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How Does an Electrical Panel Work?

The main service panel performs three basic functions. It distributes power to all the electrical circuits in the home, it contains devices which protect those individual circuits from overload and it provides a master switch which is used to manually cut all power in the home.

How Does an Electrical Panel Work?

The Main Service Panel

The main service panel performs three basic functions.  It distributes power to all the electrical circuits in the home, it contains devices which protect those individual circuits from overload and it provides a master switch which is used to manually cut all power in the home.

The main panel has three major sections which each perform a specific function: the main breaker, the hot bus and the neutral/grounding bus. 


Main Breaker

All the electricity that enters the home goes through the main breaker located at the top of the electrical panel.  It enables homeowners to cut all power to the home in case of emergency and also protects the house from external electrical overloads.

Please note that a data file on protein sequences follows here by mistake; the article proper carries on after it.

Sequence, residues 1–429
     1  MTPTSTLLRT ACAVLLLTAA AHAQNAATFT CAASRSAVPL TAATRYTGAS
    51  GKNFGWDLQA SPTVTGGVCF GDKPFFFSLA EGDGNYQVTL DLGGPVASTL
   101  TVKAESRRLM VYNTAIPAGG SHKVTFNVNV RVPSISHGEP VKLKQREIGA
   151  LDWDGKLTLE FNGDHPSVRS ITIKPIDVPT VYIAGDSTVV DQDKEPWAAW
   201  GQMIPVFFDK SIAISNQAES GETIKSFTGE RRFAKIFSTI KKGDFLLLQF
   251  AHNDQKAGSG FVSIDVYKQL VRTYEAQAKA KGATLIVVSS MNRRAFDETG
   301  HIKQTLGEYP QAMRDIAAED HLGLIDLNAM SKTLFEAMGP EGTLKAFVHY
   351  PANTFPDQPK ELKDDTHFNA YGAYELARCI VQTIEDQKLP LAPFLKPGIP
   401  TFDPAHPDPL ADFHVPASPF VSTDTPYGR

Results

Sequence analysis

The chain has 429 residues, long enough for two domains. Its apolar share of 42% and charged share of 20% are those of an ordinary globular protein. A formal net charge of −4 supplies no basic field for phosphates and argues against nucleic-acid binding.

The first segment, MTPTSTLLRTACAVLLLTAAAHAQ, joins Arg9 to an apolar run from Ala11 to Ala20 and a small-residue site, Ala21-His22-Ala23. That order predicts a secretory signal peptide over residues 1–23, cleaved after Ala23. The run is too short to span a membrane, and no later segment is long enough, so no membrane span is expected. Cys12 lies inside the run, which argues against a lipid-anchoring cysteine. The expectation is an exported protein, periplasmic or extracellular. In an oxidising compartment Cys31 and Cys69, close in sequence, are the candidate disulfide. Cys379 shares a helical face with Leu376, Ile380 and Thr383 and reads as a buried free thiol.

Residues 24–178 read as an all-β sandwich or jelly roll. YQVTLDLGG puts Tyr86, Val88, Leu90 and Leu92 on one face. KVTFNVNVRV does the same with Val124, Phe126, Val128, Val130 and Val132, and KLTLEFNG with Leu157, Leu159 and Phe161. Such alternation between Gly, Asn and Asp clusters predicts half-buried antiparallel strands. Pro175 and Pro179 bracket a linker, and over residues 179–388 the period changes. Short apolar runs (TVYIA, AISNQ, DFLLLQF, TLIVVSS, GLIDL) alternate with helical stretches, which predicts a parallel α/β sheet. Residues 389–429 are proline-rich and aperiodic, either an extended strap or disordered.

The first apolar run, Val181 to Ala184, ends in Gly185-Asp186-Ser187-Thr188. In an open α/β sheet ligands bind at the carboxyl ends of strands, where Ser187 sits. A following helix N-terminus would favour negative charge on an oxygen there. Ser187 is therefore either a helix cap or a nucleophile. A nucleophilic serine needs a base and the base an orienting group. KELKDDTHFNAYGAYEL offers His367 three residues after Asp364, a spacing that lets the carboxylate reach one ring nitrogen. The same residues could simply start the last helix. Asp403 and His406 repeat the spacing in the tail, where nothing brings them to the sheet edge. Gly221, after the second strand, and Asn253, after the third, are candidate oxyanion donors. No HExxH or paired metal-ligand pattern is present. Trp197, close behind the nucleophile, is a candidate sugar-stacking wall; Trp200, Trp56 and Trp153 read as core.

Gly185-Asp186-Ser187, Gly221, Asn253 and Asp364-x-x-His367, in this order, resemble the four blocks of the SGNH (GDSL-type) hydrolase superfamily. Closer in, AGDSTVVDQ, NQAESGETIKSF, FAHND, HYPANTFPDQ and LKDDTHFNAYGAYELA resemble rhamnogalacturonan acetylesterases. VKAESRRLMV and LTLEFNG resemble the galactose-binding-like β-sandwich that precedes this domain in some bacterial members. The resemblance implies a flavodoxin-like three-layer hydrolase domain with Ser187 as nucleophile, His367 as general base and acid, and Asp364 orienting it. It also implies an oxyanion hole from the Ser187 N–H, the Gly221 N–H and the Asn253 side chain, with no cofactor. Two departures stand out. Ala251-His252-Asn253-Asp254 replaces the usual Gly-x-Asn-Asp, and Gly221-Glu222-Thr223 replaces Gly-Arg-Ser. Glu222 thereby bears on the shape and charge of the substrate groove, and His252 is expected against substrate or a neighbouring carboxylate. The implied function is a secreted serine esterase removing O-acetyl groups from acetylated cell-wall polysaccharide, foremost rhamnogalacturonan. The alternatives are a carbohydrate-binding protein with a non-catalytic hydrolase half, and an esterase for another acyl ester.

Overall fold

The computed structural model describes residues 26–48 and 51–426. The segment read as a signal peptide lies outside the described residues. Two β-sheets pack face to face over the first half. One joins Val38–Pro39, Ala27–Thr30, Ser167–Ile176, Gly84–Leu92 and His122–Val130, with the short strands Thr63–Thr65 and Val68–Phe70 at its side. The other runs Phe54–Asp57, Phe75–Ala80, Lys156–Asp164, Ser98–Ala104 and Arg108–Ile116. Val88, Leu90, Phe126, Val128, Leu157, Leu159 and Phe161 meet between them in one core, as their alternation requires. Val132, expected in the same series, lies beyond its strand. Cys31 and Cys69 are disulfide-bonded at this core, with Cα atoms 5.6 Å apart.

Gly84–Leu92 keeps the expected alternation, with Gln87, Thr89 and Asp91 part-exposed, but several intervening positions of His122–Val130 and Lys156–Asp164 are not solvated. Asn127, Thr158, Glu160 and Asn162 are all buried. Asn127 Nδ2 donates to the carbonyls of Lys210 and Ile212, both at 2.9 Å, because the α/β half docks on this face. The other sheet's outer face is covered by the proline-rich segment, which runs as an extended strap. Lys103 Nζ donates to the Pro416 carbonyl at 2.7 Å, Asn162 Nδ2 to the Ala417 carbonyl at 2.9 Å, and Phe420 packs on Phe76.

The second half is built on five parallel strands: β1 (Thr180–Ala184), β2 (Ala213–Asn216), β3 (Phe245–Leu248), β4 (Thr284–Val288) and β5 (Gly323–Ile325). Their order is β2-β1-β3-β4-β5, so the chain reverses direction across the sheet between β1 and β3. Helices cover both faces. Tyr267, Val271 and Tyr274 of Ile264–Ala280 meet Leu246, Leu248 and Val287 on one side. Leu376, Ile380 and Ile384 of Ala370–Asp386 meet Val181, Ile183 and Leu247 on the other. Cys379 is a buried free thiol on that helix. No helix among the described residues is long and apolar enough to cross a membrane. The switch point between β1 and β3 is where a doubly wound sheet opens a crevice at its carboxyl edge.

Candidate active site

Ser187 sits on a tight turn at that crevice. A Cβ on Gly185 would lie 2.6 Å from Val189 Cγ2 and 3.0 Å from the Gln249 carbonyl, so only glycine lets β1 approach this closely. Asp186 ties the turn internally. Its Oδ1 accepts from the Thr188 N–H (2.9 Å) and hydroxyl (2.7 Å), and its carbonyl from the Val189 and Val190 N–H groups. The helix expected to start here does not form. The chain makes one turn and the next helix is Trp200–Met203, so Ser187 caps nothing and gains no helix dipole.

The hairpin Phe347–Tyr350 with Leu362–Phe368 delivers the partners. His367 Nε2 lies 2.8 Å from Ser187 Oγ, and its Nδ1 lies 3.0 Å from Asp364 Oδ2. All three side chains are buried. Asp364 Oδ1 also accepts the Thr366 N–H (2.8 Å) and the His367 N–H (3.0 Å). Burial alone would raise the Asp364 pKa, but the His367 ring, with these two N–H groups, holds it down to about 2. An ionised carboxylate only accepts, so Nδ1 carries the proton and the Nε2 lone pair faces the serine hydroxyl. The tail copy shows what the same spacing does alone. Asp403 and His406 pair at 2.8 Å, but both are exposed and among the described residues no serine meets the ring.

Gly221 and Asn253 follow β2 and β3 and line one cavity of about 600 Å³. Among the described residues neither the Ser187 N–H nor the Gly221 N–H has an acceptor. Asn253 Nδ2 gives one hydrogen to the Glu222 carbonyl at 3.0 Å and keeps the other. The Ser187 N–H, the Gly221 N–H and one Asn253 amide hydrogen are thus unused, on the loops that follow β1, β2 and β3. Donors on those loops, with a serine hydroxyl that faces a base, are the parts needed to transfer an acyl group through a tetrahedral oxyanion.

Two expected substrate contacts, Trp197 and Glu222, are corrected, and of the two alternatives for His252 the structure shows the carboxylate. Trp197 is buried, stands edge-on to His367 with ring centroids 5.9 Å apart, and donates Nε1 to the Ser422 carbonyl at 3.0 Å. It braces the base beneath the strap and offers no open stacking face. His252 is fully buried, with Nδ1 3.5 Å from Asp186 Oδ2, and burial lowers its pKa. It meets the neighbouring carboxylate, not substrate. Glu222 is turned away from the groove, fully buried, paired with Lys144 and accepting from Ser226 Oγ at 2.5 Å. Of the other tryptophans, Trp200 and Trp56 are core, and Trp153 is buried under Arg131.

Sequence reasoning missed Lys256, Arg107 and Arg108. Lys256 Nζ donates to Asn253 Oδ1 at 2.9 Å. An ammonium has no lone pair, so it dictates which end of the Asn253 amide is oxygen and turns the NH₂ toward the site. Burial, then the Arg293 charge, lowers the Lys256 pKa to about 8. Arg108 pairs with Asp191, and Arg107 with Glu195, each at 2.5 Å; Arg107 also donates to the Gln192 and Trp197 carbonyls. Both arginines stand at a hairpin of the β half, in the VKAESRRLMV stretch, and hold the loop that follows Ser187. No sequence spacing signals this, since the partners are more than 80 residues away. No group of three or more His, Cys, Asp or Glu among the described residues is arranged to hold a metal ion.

Hot Bus

Power flows through the main breaker to the hot bus.  The hot bus is the two copper or aluminum strips which run down the center of the panel.

Each strip has tabs for inserting circuit breakers.  Power travels from the bus to the circuit breakers.

Circuit breakers function the same as the main breaker but on an individual circuit only. 


Neutral/Grounding Bus

After power travels through the circuit breaker to the appliance or device which needs it, it returns to the service panel via the neutral/grounding bus.  The neutral bus is the two aluminum strips with many screws located on the outer edges of the main panel.

The screws are for attaching the neutral and ground circuit wires to the bus.  This bus connects to the neutral cable from the utility meter.

About the Author

Etienne Caron teaches English to speakers of other languages and has been writing for Demand Studios since 2009. He graduated from Westfield State College in 1993 with a bachelor's degree in regional planning.

Photo Credits

  • (Flickr.com/Scott Bissett)
  • (Flickr.com/Scott Bissett)